At a press conference, de Blasio said he has already begun a national search to replace Chancellor Carmen Fariña, who formally announced her retirement on Thursday. He emphasized that he is not looking for someone to shake things up but rather wants someone who will follow through on the course that he and Fariña set out. He also committed to hiring an educator, an important criteria for the mayor when he chose Fariña that set him apart from the previous administration.

 The mayor said he plans to select a new chancellor in the next few months ….  He gave little information about the search process, saying only that it will be an internal, quiet decision.

 If the plan is to hire “someone who will follow through on the course that [de Blasio] and Fariña set out,” why a nationwide search, select from among the deputy chancellors, Dorita Gibson, Phil Weinberg, or from among the members of the Board of Regents who were highly effective superintendents, Regents Chin, Cashin, Rosa or Young? In the 90’s three chancellor’s, Cortines, Green and Crew, from across the nation stumbled.

Unspecified insiders paint a different picture of the mayor/chancellor relationship, the NY Daily News reports,

… behind the door … insiders have said de Blasio has been growing impatient with Farina’s inability to communicate his education agenda to the public.

“De Blasio thinks the schools are doing great,” said one Education Department official who requested anonymous. “He can’t understand why he gets negative coverage and pushback over things like school safety.”

Farina, in a self-assessment, looking over her four years mused,

“The thing I’m proudest of is the fact that we have brought back dignity to teaching, joy to learning, and trust to the system,” Fariña said.

 The speculation was that Carmen would stay a year or two, and de Blasio would select the “big name,” the new leader; Carmen surprised the sages.

Why wasn’t “the message” getting out? If you look at the pieces of data emerging from schools: higher graduation rates, jumps in test scores, Universal Pre-K, 3 for All;  De Blasio can’t understand the negative coverage from the Post, the Daily News, the Wall Street Journal, the Manhattan Institute and a host of blog sites.

 Marshall McLuhan is famous for the phrase, “the medium is the message,” and the LcLuhan website explains,

… the message of a newscast are not the news stories themselves, but a change in the public attitude towards crime, or the creation of a climate of fear. A McLuhan message always tells us to look beyond the obvious and seek the non-obvious changes or effects that are enabled, enhanced, accelerated or extended by the new thing.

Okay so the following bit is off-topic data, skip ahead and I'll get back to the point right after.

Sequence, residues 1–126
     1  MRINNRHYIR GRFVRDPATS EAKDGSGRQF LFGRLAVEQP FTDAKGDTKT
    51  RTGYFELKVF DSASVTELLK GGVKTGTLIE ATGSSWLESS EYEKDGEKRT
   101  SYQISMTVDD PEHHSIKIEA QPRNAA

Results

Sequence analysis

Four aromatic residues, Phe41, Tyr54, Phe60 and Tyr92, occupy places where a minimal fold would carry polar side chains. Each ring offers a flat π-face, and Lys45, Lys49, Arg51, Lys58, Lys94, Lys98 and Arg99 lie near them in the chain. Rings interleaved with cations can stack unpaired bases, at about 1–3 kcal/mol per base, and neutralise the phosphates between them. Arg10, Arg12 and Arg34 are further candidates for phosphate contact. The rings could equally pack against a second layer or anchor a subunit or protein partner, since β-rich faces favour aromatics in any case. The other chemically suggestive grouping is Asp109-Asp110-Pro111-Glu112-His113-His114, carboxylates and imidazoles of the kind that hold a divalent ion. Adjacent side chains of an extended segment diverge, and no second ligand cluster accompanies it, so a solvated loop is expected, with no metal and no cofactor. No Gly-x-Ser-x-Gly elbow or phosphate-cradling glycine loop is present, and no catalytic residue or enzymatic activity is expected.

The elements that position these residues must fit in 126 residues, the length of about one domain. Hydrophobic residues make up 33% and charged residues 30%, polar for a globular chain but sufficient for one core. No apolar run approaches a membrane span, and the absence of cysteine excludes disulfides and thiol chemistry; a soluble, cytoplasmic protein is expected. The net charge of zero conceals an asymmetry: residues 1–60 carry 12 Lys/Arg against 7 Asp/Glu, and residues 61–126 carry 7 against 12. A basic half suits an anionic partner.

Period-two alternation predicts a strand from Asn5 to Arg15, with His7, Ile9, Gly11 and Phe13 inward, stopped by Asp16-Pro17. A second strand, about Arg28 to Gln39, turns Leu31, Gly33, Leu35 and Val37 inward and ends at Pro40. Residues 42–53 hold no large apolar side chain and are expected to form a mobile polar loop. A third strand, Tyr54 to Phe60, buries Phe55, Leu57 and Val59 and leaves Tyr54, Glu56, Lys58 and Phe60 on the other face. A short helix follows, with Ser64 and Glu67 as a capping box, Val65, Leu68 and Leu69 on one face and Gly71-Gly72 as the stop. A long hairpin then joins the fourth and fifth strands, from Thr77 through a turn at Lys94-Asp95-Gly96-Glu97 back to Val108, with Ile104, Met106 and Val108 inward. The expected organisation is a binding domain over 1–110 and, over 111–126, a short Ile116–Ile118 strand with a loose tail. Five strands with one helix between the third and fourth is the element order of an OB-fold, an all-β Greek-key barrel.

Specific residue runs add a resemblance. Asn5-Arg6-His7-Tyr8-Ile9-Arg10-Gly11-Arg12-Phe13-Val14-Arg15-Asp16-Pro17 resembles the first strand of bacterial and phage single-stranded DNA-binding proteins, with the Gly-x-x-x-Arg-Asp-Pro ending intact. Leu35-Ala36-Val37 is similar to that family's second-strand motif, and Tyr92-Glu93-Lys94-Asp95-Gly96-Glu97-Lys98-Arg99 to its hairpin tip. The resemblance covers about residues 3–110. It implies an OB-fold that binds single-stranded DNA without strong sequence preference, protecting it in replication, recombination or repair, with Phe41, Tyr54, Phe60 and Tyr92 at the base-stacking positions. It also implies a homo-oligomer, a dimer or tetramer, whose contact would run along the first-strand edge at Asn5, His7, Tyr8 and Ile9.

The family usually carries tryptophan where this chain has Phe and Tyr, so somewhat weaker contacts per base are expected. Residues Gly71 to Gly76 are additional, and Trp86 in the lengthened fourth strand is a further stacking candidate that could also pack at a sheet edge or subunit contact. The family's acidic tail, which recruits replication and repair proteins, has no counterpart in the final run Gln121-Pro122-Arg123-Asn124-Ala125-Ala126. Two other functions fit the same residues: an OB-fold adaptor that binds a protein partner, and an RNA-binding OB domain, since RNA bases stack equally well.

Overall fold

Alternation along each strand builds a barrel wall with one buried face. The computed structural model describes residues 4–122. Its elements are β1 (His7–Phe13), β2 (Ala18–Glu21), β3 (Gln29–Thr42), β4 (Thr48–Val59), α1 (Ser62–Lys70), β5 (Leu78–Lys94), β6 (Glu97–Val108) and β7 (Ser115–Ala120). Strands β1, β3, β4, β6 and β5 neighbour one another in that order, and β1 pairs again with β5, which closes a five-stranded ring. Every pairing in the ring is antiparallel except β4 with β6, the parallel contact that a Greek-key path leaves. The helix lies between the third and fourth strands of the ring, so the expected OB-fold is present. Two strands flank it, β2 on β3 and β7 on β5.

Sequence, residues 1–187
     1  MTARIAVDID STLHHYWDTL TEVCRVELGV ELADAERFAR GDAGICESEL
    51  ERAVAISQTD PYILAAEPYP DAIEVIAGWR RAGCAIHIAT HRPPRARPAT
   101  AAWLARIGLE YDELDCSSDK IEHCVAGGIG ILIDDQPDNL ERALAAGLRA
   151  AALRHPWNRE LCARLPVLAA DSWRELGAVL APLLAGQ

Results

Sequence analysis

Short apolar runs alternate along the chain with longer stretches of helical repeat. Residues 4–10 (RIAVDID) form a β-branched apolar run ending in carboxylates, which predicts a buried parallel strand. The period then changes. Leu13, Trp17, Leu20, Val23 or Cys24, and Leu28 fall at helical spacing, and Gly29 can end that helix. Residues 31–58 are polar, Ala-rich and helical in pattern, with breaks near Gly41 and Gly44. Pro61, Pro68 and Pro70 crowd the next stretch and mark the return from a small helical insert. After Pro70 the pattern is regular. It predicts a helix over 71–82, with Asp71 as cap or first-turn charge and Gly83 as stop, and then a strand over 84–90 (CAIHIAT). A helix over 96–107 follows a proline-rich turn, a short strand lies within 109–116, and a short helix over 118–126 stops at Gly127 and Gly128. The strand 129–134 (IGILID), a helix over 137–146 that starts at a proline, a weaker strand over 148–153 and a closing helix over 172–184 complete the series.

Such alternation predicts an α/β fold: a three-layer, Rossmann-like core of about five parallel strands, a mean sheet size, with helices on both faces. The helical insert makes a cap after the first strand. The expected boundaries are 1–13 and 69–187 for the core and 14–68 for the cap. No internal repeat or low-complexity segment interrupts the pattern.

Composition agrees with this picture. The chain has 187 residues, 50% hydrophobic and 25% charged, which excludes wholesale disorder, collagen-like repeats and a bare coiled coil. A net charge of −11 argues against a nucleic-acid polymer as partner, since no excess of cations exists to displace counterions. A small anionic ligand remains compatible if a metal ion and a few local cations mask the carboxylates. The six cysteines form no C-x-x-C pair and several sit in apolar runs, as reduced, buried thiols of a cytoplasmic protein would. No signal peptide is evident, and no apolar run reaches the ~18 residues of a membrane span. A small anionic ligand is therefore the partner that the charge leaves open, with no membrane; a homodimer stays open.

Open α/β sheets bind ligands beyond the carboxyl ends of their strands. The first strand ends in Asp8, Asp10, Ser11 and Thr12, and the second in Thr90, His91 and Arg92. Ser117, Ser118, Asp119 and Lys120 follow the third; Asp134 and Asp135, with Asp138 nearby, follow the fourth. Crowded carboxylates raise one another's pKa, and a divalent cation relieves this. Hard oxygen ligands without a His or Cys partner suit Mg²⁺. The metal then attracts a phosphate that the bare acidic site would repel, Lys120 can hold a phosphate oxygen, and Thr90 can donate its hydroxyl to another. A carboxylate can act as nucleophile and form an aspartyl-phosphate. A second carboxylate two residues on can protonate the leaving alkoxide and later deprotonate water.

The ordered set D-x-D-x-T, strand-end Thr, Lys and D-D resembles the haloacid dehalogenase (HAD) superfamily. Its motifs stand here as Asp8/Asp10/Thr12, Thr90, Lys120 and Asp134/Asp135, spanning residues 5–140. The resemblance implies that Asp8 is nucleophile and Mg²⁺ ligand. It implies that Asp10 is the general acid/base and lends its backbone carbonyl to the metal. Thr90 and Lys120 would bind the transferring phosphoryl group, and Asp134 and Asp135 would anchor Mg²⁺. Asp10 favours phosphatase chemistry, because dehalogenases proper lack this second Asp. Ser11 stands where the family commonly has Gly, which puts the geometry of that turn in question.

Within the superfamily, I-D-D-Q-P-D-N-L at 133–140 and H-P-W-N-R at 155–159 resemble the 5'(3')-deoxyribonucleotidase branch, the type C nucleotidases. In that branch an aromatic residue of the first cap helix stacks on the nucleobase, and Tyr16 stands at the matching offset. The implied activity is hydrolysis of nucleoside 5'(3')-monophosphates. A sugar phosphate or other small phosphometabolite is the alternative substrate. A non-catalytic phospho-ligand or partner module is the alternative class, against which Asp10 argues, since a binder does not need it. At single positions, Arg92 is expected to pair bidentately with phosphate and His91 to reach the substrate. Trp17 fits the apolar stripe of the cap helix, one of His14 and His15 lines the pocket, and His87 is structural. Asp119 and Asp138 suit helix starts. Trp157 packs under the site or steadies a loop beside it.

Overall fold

The same can be said for de Blasio himself, in spite of historically low homicide rates, improvements in quality of life, a thriving economy, the negative side, homelessness, lack of affordable housing, transit woes dominate the news.

De Blasio, in person, has an electric personality, charming, engaged, a wonderful public speaker. I was at an annual Christmas season community event a few weeks ago. The hundreds in the diverse crowd were local folks with their kids to see the Christmas lights turned on: Scott Stringer, the Comptroller, Trish James, the Public Advocate and the Mayor spoke, de Blasio charmed the crowd. In September I attended a community Town Hall, de Blasio interacting with a community, hosted by the City Counsel member. For a few hours de Blasio answered questions, knowledgeable, accessible, and seemingly caring about each and every story or complaint.

Yet the press hammers away, at press availability de Blasio is uncomfortable, snarky, why are they asking me about the “bad stuff” and not the “good stuff?”

Charming in person and not able to enunciate a message across the city.

Cuomo, on the other hand, only meets with the public and the press at carefully controlled events with questions limited to the single topic. I can’t remember an open press conference.  Cuomo reads speeches, issues press releases, stands on a stage surrounded by acolytes to announce this or that; the other end of the spectrum from de Blasio.

Aloof in person, effectively sends a message: I am in charge, I am the your leader.

Trump meets the nation through tweets, and campaign rallies, he is at the center, whether you like him or not he is the center of attention, he is the imperial and imperious president.,

We have moved from the era of the presser, from print media to the era of social media, an era of Twitter, Instagram, Facebook, podcasts, websites; the New York Times has more online subscribers than hard print purchasers.

The number one “quality” of a new Chancellor should be the ability to communicate, to carry the message.

The substance might be less important than the message.

The current Farina education menu is a la carte. There are dozens, maybe scores, of “new initiatives,” the administration has tossed dollars and “programs” at criticism and perceived “problems.”  On the left hand column the “problem,” in the middle column the programmatic response, on the right side the cost, check off and move on to the next issue.  The old Board of Education was once described as a mass of silly putty, you could stick your finger in and change the shape with ease; however, slowly but surely the lump regained its amorphous shape.

I occasionally call a teacher in a Renewal School to catch up on what’s happening in her school: lots of meetings, lots people floating through, lots of data collection, and lots of confusion.

Me: “Do they ask for feedback, do they ask you for suggestions, do they follow through on teacher ideas?”

Teacher: “Not really, we’re polite, we listen, we try and implement the instructional changes, the new programs seem to be in conflict with other programs, it’s frustrating and depressing.”

I speak with a principal: “A cluster of schools, mine included, was getting significant dollars from a grant, the superintendent asked for ideas, we carefully researched, eventually the program was announced, none of our ideas made the cut, the programs were disconnected, it was chaotic, every program wanted a piece of our kids.”